Share your memories of Sir Bobby Robson

July 31, 2009

The death of Sir Bobby Robson, England’s most successful manager after Sir Alf Ramsey, had been expected given his long battle with cancer, but his passing still jolts.

The son of a miner, Robson’s career was characterised by dignity, loyalty and hard graft and no little success.

As a player he won 20 England caps, but it was as an innovative manager that he will be best remembered, notably his success in guiding England to a World Cup semi-final in 1990, when his side came agonisingly close to reaching the final.

Before his stint with the national team, Robson managed Ipswich for 13 years, guiding the Suffolk club to FA and UEFA Cup success and twice led the Portman Road side to the runners-up spot in the old First Division.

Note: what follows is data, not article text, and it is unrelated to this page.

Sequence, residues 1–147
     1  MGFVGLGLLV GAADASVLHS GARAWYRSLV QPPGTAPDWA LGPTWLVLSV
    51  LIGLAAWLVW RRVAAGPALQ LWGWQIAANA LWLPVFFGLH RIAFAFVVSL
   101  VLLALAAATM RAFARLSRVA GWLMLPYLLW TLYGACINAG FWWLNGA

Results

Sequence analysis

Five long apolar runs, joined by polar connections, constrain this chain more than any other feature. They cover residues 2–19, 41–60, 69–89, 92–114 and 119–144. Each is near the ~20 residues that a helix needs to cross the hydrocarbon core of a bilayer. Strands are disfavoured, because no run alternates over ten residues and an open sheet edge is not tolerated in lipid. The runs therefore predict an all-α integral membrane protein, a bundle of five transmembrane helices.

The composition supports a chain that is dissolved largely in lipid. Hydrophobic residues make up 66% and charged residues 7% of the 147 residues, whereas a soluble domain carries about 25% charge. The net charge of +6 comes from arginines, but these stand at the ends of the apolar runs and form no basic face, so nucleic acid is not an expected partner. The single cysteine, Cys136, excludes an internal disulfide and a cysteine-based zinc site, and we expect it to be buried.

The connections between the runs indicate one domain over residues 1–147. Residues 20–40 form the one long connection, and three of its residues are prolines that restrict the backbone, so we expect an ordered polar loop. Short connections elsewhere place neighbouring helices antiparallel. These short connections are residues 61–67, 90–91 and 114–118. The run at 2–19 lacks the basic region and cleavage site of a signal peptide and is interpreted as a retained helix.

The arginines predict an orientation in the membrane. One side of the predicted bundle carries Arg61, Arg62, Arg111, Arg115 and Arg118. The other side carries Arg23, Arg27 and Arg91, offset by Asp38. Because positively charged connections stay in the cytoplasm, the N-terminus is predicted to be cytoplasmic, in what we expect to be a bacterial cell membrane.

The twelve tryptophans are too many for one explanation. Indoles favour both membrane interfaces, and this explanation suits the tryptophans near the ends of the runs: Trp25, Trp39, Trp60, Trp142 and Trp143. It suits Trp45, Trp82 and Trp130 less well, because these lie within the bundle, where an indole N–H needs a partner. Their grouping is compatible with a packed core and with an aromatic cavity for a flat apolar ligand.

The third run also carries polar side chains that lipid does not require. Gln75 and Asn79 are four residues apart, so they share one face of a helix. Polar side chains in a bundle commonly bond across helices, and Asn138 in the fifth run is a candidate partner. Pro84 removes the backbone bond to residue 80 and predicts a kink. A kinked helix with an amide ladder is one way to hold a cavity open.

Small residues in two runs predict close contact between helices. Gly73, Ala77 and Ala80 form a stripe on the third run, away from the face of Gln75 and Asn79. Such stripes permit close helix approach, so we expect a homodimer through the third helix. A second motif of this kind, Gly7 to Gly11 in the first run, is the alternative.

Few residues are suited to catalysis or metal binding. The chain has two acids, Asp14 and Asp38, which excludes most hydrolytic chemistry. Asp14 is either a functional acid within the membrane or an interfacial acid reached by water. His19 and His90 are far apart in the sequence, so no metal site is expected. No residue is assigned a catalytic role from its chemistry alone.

At Ipswich, Robson brought in two Dutch players — Arnold Muhren and Franz Thijssen — who helped forge Ipswich’s reputation as a passing side playing attractive and enterprising football.

After stepping down as England manager in 1990, Robson then went to Holland, where he managed PSV Eindhoven, before going on to coach Sporting Lisbon and Porto in Portugal and then Barcelona in Spain.

While he was at Barca he helped to preside over the development of the Brazilian striker Ronaldo, before he returned to England to manage Newcastle in his native north-east.

Robson was famed for his malapropisms. Once when former England captain Bryan Robson emerged from a lift, his manager greeted him by saying “Hello, Bobby,” to be met with the response: “No boss, me Bryan, you Bobby.”

The football knight will be much missed. What are your memories of Sir Bobby and what is his importance to English football?

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